The Treasure Chest Review

The Treasure Chest

Video Review
by Kathleen Kelly MacMillan,
Maryland School for the Deaf

© 2003

The Treasure Chest
VHS, 30 minutes
In ASL and English
Wide-Eyed Learning, 2003
Video alone: $14.99
Basic Starter Kit (includes video and Beginner Handbook--a hands-on guide with step-by-step instruction on how to get started signing, how to make signing a natural part of your everyday interaction with your child, and how to use signs to build intimacy and self-esteem.): $24.99
Complete Starter Kit (includes video, Beginner Handbook and Intermediate Handbook): $37.99

This production, geared squarely for hearing children and their parents, uses a tried and true formula to introduce basic American Sign Language sign vocabulary for young children. Each segment focuses on toys and activities that are a familiar part of the child’s world, such as hats, dogs, bears, and airplanes. A teddy bear host with gloved human hands introduces each sign. This is followed by colorful graphics featuring different representations of the object or concept, often showing bright-faced young children playing, alternated with repetitions of the sign by various children. The English word also appears on the screen at least once during each segment. Other signs, such as “please”, “doll”, and “what”, are introduced in the course of the segments, though they are not emphasized or repeated. A few songs are interspersed throughout, and these show groups of hearing children singing while signing isolated words. The video closes with series creator Michelle Anthony offering tips to parents for incorporating signs into daily activities with young children, and for promoting speech development by coordinating words with signs.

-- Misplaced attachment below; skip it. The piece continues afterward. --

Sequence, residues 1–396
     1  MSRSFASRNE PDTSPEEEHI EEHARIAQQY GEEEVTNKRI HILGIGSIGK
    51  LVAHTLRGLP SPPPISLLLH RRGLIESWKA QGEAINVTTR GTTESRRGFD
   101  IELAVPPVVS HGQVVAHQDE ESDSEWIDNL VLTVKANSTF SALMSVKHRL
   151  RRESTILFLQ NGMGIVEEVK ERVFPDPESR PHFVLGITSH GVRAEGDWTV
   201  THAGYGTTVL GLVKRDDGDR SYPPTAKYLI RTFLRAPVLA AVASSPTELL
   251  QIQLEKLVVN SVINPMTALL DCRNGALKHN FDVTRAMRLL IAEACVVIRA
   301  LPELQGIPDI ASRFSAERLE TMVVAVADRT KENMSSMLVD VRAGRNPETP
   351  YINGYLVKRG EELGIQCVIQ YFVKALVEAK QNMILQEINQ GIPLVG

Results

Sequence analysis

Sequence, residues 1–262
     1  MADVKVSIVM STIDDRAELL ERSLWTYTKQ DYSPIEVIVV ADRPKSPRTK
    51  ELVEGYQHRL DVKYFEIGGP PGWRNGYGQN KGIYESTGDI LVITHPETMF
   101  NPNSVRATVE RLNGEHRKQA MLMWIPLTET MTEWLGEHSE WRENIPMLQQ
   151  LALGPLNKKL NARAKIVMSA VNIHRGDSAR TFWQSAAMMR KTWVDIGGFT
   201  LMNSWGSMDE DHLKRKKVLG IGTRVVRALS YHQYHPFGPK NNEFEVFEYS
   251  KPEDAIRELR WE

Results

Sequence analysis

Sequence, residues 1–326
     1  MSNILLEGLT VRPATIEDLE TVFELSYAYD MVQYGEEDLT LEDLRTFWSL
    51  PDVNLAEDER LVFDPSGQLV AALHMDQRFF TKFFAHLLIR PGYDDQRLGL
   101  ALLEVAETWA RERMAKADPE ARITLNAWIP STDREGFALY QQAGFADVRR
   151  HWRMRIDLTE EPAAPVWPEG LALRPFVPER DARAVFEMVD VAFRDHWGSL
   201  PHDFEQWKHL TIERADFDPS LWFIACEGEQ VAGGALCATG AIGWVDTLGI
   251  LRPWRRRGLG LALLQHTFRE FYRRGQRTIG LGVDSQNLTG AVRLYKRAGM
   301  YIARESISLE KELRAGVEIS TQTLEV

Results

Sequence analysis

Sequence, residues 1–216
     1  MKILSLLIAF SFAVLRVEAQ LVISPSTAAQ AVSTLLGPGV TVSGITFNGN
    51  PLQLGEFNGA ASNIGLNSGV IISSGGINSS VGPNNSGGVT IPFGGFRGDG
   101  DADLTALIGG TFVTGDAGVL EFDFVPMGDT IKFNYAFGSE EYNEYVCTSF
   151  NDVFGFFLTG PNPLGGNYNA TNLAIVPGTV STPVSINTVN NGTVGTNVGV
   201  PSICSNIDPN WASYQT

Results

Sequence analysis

What sets this series apart is not so much the format or information on the video, but the excellent handbooks that accompany it. Available in Beginner and Intermediate levels, these handbooks give parents solid, practical information on the benefits of using sign language with young children, answers to questions about specific scenarios, and a dictionary of signs illustrated by photographs of both adults and children demonstrating each sign, accompanied by a written description. The books also include ideas for incorporating sign language into the additional fingerplays and songs which are provided.

This video is very much geared to hearing children and hearing parents. It makes heavy use of music and voiceover. Much of the content is not signed, and none of it is captioned. As Dr. Anthony discusses in the final segment, it emphasizes the use of signs for basic communication with pre-verbal children, and as a tool for emphasizing and learning spoken language.

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